Cynical novelist, questionable parent and master of addiction Hank Moody returns in Californication: The Third Season and continues to wreck his life splendidly on the way to rock bottom. While the Showtime series suffered from a weak sophomore season, it gets back on track in season three as Hank is finally faced with the consequences of his actions.
Hank (David Duchovny) has custody of daughter Becca (Madeleine Martin) while her mother and Hank's longtime girlfriend Karen (Natascha McElhone) is in New York. On a break from writing, he takes a job as a college professor and quickly yields to temptation. Among Hank's conquests are his teacher's aide Jill (Diane Farr), student/stripper Jackie (Eva Amurri) and fellow teacher Felicia (Embeth Davidtz), who is also the wife of the dean and mother of Becca's best friend.
Returning characters include Hank's friend Charlie Runkle (Evan Handler) and Runkle's soon-to-be-ex-wife Marcy (Pamela Adlon), who move back in with each other until they can sell their house. Runkle takes a job at a talent agency working for sexual predator Sue Collini (Kathleen Turner), but cannot handle Marcy's erratic approach to dating. Mia (Madeline Zima), the daughter of Karen's ex-fiancÚ that Hank slept with when she was only sixteen, also returns and threatens to publish a tell-all book that would expose Hank. Becca, now pushing boundaries as a teenager, finally wises up to her father and begins calling him on his behavior.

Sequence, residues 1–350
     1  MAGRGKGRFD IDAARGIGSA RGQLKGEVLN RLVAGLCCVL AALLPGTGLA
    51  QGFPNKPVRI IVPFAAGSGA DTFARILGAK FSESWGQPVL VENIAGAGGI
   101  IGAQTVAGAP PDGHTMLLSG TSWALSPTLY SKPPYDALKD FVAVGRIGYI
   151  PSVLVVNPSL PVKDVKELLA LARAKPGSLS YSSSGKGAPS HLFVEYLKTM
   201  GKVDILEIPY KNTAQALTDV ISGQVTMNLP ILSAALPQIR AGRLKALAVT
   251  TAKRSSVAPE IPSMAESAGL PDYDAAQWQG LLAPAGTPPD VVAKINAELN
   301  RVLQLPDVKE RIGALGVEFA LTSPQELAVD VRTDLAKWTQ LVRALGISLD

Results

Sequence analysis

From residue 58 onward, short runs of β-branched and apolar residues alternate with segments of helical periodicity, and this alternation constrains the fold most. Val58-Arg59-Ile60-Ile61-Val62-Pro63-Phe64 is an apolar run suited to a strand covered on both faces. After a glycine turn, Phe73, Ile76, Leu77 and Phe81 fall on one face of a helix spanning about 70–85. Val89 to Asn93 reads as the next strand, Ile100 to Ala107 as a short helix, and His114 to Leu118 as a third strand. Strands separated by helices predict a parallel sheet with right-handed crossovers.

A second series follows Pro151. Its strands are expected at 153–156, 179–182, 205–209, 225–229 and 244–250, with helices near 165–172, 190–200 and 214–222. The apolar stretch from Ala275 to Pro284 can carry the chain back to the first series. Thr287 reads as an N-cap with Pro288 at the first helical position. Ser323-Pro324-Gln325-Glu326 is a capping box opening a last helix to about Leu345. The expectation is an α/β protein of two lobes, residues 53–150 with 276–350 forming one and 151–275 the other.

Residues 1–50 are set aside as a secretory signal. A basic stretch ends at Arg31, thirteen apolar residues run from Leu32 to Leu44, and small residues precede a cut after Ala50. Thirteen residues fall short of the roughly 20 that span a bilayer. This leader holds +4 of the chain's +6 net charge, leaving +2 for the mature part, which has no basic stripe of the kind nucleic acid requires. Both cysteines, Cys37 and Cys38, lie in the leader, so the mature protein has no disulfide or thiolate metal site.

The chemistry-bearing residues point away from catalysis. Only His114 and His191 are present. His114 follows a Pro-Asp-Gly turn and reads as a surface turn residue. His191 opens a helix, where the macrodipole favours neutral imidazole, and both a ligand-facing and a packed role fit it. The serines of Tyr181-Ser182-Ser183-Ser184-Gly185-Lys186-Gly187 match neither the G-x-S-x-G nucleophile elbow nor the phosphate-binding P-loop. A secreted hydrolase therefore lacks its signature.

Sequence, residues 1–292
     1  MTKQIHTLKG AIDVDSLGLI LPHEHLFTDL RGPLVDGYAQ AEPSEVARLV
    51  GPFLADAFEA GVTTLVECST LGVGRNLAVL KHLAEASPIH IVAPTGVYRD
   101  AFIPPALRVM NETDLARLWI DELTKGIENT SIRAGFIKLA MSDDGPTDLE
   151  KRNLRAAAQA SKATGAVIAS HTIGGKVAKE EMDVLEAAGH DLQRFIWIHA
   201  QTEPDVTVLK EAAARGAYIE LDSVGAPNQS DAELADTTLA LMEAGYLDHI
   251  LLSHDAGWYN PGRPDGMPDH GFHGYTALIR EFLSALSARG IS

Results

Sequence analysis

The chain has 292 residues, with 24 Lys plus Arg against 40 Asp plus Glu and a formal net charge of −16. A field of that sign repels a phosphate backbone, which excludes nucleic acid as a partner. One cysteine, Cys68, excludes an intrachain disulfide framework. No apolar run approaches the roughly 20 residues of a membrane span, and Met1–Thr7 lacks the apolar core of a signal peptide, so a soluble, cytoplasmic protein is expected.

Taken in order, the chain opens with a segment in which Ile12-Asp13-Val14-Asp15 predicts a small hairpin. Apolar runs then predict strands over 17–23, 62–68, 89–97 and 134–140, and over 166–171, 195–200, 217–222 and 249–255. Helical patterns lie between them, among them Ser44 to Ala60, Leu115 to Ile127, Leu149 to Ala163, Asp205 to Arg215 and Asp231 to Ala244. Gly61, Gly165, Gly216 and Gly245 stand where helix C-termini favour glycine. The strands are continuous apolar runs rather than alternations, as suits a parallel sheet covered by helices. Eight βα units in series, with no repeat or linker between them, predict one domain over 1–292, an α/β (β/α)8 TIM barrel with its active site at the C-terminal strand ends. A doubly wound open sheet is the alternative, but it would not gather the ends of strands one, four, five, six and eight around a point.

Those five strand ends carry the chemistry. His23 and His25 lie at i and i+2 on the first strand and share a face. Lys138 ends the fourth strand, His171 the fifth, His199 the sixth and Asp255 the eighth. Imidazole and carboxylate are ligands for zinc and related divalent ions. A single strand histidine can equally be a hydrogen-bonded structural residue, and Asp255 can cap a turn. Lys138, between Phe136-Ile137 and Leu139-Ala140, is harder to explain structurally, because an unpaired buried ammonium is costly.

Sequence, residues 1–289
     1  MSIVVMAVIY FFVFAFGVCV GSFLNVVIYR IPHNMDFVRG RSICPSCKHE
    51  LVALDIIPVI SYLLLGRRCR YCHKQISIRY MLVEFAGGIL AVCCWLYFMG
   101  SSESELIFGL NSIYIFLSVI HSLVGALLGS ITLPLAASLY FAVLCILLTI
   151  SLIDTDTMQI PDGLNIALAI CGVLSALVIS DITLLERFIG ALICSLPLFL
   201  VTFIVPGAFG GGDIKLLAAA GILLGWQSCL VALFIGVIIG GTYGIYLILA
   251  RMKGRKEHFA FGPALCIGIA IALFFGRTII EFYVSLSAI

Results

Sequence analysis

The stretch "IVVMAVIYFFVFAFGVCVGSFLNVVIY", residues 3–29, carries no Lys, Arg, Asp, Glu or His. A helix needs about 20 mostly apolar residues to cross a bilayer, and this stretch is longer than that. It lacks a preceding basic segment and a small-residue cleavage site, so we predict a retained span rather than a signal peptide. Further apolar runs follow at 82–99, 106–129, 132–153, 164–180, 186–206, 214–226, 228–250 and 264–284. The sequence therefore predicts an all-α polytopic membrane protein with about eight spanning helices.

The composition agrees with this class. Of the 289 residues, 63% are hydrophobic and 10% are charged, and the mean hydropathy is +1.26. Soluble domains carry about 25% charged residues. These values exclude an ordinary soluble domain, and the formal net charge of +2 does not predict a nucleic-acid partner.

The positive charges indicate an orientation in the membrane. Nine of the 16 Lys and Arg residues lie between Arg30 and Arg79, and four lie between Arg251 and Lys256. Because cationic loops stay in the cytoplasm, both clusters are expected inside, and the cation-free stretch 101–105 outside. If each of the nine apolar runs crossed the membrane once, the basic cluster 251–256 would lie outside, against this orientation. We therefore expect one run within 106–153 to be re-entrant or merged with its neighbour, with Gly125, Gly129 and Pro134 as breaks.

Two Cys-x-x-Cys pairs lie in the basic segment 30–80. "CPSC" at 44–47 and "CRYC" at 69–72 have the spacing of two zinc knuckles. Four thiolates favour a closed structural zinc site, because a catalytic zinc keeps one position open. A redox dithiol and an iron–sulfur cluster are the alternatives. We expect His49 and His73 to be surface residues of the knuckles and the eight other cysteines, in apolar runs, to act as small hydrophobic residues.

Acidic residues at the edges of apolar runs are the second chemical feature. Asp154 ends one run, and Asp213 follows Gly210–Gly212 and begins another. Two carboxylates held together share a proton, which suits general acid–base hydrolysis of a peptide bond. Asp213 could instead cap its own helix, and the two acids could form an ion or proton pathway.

Fans of Californication need no explanation of the show's tone. The uninitiated should know that it frequently pushes the boundaries of good taste and features a cornucopia of sex, drugs and booze-fueled debauchery. The show's second season fell into the trap of offering little substance outside of the dirty comedic bits, but season three provides some pretty compelling drama. If Fox Mulder was the pinnacle of Duchovny's career, his work here is definitely a close second. The actor fully embodies Hank, which may have led to Duchovny fighting his own demons in rehab and in the press.
Californication has never been a plot-driven show, and it has been grouped with Entourage as a show that never really goes anywhere. I do not share that sentiment, but the characters certainly make the series. Season three's big theme is Hank's descent toward rock bottom, illustrated in his recurring dream of floating drunk in a pool while the people in his life pull at him from below. Boneheaded does not begin to describe Hank, but he is such a lovable schmuck that I always want things to work out for him. The family structure of Hank, Karen and Becca is unusual, and Becca smartly asks her mom whether she actually expected Hank to do a good job as a solo parent in her absence. Hank's past indiscretions made little more than ripples in his turbulent open relationship with Karen, but his season-three philandering finally reaches a level of unacceptable that even Becca cannot ignore.